The heated exchange was not between anti-imperialists and pro-imperialists but between those who can’t see past one form of imperialism and those who are struggling against all imperialisms (or strive to). Crucially for our purposes, the former typically underestimates, or willingly ignores, Russian and Iranian imperialism in Syria and it does the same with regards to the regime’s daily atrocities. The latter sees it as its mission to remind the former of what countless Syrians have been repeating for nearly four years now, namely that it is utterly meaningless to speak of struggling for equality and justice when a fascist, neoliberal and imperialist-friendly dictatorship is overpowering anyone who wishes to fight against it. As long as this balance of powers remains unchanged, the rest is wishful thinking, with very serious repercussions on the ground.


The Authoritarian Right is Naive About Human Nature 1

By Kevin Carson

Center for a Stateless Society

Have you ever considered the level of irony involved in the fact that so many of the same people who claim to distrust big government (“I love my country but fear my government”) also adamantly support the police against Black Lives Matter? These people, by and large, actually worship the culture of police lawlessness as something necessary to “stop criminals.” I was reminded of this incongruity by Ami Angelwings’ extended Twitter discussion, on October 3, of the television show Law & Order. She suggested that Jack McCoy might be “television’s greatest villain”:

He’s gotten people executed by twisting or even breaking the law, suborning perjury, withholding evidence, and challenging the constitution….  To get one person that McCoy has no evidence against but “knows” is guilty, he regularly tries to flatten broad constitutional protections. To get around parole Jack tried to have a guy committed indefinitely to an institution by arguing criminality itself is a mental illness….

Law & Order seasons 1-5 was basically cop propaganda for liberals, the idea being that the system worked, 5-20 is for conservatives. Later Law & Order made me fear cops and the DA due to how they’re portrayed as completely reckless and corrupt and all laws are in their way.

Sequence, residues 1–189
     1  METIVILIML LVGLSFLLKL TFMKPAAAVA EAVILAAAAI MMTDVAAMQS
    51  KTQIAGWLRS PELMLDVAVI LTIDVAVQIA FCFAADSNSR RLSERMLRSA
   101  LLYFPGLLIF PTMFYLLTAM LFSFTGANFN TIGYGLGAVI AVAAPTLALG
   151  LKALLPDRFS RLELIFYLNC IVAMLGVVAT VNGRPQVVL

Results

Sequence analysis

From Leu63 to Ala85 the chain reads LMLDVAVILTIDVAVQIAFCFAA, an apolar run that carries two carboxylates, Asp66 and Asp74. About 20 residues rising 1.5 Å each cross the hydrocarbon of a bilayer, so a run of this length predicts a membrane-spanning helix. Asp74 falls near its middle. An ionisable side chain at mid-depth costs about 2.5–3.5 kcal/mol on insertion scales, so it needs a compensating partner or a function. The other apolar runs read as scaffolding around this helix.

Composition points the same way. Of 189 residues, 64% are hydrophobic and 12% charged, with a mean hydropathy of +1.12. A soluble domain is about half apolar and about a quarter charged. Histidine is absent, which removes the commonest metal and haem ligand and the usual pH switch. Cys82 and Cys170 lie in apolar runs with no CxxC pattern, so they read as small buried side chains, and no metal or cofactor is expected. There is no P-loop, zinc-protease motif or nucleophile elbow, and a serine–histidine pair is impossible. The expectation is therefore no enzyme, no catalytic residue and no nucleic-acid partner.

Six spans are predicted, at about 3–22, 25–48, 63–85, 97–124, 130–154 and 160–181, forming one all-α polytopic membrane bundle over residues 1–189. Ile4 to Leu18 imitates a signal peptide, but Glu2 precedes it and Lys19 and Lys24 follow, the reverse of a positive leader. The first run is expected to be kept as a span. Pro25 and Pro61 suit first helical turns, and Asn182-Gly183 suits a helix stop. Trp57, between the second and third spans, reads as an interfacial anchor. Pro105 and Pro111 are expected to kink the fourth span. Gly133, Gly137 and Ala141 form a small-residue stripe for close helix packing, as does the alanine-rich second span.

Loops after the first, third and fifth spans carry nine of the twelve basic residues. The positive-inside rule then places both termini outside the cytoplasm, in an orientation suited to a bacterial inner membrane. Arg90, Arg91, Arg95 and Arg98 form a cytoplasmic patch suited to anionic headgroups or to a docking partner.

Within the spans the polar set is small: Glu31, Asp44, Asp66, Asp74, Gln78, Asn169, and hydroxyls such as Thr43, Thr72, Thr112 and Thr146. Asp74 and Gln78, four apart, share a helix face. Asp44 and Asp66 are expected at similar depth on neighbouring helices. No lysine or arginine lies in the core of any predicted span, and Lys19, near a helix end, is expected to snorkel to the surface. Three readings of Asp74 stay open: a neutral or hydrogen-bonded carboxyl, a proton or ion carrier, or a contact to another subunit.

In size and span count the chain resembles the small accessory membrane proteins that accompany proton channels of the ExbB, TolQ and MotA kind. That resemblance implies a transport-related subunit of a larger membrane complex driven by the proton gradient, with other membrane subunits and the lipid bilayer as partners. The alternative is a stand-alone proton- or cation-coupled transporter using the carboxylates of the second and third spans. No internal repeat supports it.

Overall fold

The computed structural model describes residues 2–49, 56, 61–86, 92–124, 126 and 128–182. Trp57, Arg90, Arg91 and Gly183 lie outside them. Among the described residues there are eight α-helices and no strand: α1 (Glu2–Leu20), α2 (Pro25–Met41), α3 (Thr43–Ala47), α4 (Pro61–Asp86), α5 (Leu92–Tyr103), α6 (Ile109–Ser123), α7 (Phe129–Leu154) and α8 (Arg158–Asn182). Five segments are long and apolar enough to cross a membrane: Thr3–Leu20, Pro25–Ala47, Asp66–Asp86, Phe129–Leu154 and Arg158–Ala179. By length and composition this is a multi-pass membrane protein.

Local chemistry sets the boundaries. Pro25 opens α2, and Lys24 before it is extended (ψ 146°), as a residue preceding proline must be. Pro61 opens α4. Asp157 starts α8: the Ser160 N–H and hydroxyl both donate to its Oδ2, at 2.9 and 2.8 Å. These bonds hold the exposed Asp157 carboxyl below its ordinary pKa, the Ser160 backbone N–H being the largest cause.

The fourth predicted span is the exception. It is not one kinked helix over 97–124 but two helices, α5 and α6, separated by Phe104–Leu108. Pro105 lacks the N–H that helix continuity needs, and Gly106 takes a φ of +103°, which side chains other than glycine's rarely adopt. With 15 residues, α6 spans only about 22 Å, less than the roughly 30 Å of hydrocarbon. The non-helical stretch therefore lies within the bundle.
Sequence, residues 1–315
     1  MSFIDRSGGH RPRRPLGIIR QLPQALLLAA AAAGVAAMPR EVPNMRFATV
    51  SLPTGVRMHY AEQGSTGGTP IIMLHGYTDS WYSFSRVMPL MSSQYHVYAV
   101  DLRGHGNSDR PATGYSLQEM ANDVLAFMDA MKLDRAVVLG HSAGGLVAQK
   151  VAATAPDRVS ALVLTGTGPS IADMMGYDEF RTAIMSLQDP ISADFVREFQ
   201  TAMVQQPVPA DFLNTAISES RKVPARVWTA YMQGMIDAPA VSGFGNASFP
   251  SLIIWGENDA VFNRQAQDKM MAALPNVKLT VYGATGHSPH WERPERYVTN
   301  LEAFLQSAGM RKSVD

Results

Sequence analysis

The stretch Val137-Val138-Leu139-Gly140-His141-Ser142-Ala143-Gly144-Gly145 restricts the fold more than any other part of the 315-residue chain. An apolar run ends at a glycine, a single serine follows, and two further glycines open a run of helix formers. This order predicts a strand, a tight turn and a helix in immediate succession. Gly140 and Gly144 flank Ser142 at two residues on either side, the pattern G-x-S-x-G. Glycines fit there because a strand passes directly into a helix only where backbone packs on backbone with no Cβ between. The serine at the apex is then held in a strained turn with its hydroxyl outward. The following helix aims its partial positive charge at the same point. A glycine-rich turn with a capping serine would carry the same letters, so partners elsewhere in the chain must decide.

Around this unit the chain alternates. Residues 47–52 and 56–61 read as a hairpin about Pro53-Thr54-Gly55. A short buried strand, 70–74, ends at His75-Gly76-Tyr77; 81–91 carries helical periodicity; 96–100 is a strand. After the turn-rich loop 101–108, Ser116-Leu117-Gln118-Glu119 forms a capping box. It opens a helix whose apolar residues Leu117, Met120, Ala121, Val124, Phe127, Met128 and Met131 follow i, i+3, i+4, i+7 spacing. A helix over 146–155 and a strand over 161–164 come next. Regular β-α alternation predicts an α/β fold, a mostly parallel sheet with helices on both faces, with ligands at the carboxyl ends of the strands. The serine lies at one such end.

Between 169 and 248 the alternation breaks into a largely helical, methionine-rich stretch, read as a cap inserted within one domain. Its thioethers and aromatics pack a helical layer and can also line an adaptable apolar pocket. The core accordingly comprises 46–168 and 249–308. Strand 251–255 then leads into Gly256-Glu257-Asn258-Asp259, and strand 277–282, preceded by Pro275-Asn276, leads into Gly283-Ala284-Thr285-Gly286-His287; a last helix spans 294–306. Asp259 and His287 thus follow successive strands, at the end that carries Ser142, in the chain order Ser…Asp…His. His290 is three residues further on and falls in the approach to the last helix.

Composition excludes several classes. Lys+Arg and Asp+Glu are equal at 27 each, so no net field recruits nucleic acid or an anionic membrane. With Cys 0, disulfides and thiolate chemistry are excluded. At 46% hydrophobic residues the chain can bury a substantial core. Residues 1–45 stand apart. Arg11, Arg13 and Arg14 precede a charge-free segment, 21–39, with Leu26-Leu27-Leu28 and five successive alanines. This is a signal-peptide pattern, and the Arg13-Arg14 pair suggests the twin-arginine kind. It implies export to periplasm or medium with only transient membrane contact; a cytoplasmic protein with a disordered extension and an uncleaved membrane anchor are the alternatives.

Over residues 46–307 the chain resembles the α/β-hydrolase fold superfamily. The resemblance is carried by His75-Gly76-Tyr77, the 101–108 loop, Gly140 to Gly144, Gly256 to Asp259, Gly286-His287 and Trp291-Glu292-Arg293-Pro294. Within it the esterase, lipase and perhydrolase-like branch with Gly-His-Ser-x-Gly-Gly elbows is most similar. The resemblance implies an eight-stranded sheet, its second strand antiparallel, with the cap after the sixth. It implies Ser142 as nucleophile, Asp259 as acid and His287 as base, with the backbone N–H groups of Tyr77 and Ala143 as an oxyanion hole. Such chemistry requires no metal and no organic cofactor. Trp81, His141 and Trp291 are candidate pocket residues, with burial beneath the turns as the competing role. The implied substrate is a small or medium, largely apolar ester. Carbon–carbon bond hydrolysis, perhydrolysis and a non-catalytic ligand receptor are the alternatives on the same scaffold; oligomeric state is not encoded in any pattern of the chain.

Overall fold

Hillary Is the Candidate of the War Machine Reply

Hence, the entire spectrum of ruling class/power elite opinion is behind her.

By Jeffrey Sachs

Huffington Post

JEWEL SAMAD via Getty Images

There’s no doubt that Hillary is the candidate of Wall Street. Even more dangerous, though, is that she is the candidate of the military-industrial complex. The idea that she is bad on the corporate issues but good on national security has it wrong. Her so-called foreign policy “experience” has been to support every war demanded by the US deep security state run by the military and the CIA.

Hillary and Bill Clinton’s close relations with Wall Street helped to stoke two financial bubbles (1999-2000 and 2005-8) and the Great Recession that followed Lehman’s collapse. In the 1990s they pushed financial deregulation for their campaign backers that in turn let loose the worst demons of financial manipulation, toxic assets, financial fraud, and eventually collapse. In the process they won elections and got mighty rich.

Yet Hillary’s connections with the military-industrial complex are also alarming. It is often believed that the Republicans are the neocons and the Democrats act as restraints on the warmongering. This is not correct. Both parties are divided between neocon hawks and cautious realists who don’t want the US in unending war. Hillary is a staunch neocon whose record of favoring American war adventures explains much of our current security danger.

Just as the last Clinton presidency set the stage for financial collapse, it also set the stage for unending war. On October 31, 1998 President Clinton signed the Iraq Liberation Act that made it official US policy to support “regime change” in Iraq.

It should be the policy of the United States to support efforts to remove the regime headed by Saddam Hussein from power in Iraq and to promote the emergence of a democratic government to replace that regime.

Thus were laid the foundations for the Iraq War in 2003.

Of course, by 2003, Hillary was a Senator and a staunch supporter of the Iraq War, which has cost the US trillions of dollars, thousands of lives, and done more to create ISIS and Middle East instability than any other single decision of modern foreign policy. In defending her vote, Hillary parroted the phony propaganda of the CIA: